Fresh pastries and bakery, biscuit, confectionary and pastry products;
1. Product name:
Torta di marroni di Marradi
2. Other names:
3. Short description:
A tart made with fresh chestnuts that’s brown, is baked in round or rectangular tins and sold cut into “lozenge”-shaped pieces.
4. Production area:
Municipality of Marradi (FI)
5. Production status:
r disappeared r at risk r active
6. Production process:
Ingredients for the filling: 1kg of Marron Buono di Marradi sweet chestnut puree, 1l of full-cream milk, 7 eggs, 500g of sugar, 50g of rum, 50g of alchermes liquor, 1 packet of powdered vanilla extract.
Ingredients for the pastry: 150g of “00” flour, a large knob of butter, a tablespoon of sugar, enough milk to make a dough.
Method: Place the sweet chestnut puree, egg, sugar, rum, alchermes and vanilla powder in a bowl. Whisk the ingredients to get a smooth mixture without lumps and then add the milk while slowly mixing. Pass through a fine sieve and set aside. Place all the ingredients for the pastry on a worktop. Mix to get a smooth dough. Roll out into a fine, almost transparent, pastry sheet. Place in a greased 30cm pie tin and pour the filling on top to a height of about 4cm. Bake in a preheated oven at 200°C for 20 minutes then lower the heat to 150-160°C and bake for a further 2 ½ hours.
To check if the tart is cooked, insert a toothpick. It should come out clean. Take the tart out of the oven and leave to rest for a day covered with foil. It’s traditionally served cut into lozenge-sized pieces with a knife that’s been dipped in cold water between slices.
Chestnut puree: 700g of peeled Marron Buono di Marradi sweet chestnuts, 600g of full-cream milk, a pinch of cinnamon, half a vanilla pod, a pinch of salt.
Method: Burn the chestnut skin in a perforated pan over a high heat to peel the sweet chestnuts without cooking them. Peel off the inner and outer skins, rinse and boil with the remaining ingredients over a low heat for an hour, stirring frequently to stop from sticking. The chestnuts are removed from the heat once they’ve absorbed all the milk and are passed through a sieve.
7. Materials, equipment and premises used for production:
– Pan for cooking the chestnuts
– Normal kitchen equipment
8. Notes on traditionalism, homogeneity of spread and persistence of production rules over time:
Knowing full well that chestnuts were only available for a short time, men thought of ways to preserve and transform them, making them available all your round and for numerous recipes. The chestnuts were dried, while sweet chestnuts were used fresh or treated in numerous ways (stored in their skins, dried, preserved). Even when treated, the fresh product had a short shelf life and was used for special dishes like the torta di marroni, which was prepared for Christmas and important occasions during autumn.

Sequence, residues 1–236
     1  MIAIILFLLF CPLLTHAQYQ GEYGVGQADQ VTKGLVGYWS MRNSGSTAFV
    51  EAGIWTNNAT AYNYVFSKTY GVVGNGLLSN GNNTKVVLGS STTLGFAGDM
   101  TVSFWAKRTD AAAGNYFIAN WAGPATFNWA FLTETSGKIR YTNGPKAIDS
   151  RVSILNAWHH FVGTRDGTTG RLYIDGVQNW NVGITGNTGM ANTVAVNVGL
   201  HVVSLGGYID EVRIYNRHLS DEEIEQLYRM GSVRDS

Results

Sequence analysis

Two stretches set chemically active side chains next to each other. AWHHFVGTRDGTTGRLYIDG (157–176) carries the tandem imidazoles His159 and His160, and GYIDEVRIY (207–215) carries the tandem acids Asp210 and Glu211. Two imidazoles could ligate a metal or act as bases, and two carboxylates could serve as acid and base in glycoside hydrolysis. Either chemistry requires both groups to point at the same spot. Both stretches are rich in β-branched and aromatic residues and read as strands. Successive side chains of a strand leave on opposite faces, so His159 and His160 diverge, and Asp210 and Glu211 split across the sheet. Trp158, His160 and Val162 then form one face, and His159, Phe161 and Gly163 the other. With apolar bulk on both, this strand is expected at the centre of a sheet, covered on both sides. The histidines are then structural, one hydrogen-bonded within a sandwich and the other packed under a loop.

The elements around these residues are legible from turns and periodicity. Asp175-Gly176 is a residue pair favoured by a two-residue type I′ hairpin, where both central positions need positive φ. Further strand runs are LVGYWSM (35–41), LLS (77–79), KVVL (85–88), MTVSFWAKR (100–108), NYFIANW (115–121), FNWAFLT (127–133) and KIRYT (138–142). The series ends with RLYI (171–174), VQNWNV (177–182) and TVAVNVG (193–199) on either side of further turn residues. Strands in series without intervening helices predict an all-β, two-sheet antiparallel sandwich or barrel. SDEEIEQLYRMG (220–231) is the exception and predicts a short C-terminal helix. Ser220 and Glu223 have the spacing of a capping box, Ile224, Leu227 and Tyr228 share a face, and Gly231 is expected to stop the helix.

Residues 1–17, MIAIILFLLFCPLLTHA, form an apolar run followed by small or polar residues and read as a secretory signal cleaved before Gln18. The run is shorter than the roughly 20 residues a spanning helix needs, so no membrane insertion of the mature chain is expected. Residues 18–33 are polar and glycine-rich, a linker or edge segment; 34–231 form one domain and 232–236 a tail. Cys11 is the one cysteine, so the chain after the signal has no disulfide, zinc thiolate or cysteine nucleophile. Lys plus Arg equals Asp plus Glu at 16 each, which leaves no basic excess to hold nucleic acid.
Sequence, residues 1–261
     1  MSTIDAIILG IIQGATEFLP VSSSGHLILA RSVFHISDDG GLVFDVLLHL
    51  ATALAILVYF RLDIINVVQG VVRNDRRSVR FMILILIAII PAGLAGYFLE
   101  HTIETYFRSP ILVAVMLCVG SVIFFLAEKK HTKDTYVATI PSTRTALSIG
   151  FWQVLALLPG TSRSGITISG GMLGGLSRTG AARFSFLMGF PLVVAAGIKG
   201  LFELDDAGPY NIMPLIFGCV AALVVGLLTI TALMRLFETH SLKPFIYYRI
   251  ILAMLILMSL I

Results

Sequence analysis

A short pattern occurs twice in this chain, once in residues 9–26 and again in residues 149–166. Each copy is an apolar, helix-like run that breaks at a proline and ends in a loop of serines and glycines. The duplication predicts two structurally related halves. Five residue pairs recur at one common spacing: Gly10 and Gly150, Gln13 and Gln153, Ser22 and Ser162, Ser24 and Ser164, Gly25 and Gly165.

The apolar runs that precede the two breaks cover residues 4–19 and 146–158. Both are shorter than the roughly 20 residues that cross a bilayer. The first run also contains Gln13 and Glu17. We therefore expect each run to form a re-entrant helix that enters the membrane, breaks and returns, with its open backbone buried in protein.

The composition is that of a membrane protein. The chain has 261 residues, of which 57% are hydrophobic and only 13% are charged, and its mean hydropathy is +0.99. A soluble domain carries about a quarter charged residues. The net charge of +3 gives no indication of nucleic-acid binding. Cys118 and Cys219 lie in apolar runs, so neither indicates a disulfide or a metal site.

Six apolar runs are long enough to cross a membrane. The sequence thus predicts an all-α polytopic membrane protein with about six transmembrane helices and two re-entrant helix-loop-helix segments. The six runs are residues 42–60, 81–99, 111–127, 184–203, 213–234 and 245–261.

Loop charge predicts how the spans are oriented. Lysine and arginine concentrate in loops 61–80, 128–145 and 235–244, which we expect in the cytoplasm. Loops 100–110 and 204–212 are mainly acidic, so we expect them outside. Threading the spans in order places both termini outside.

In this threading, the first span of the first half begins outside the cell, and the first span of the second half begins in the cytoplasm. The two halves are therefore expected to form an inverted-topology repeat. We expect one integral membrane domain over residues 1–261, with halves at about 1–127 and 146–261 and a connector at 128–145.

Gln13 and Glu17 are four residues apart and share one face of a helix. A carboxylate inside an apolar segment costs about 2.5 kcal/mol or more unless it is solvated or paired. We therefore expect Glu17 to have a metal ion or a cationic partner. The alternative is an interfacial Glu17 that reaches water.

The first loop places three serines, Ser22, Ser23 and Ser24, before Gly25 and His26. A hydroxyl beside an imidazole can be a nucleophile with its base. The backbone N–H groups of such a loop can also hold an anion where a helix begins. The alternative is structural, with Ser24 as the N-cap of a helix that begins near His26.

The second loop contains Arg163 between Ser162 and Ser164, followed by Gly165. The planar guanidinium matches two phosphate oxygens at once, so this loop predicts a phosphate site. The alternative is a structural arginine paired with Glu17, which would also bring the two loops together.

The chestnut has always been a fundamental source of nutrients for mountain farmers. Without wheat or corn, vital for pasta and bread, sweet polenta (pattona) was made with chestnut flour. In fact, the chestnut was called the “bread tree”. There are many versions of this recipe. You could say each family has its own, inherited over the generations, and with different results. Oral stories of the recipe usually date it back to the 1700s.
All Marradesi consider the torta di marrone to be the absolute top. No one dares to doubt its first place position in the local cuisine. And how can they? It’s a product of sweet harmony, which the people of Marradi have been making for centuries. It brings together mother and daughter, mother-in-law and daughter-in-law, old and young in the kitchen and creates silence at the dinner table. History has already awarded it its medal of honour. Only one element is never disputed: the tart is made with fresh Marradi sweet chestnuts. But modern habits, globalisation, have taken the torta di marroni beyond the borders of its town of origin, to be discovered by those outside of Marradi, where it accepts the challenge and bends to the tastes of outsider palates, submitting to a dilution of a recipe that has been set free from its oral traditions.
Torta di marroni is made in agriturismi, restaurants and bakeries in the Marradi area, as well as in the home and for town feasts and festivals. Sales are made in the area.
Production is around 3,500kg, compared to the last three years when it was an average of 3,300kg.
The quality of the torta di Marradi is accented by the use of IGP Marroni del Mugello sweet chestnuts.
via Borgo dell'Ore, 1 PALAZZUOLO SUL SENIO 50035 FI - PALAZZUOLO SUL SENIO
Carne, Carne, Vegetariano, Vegetariano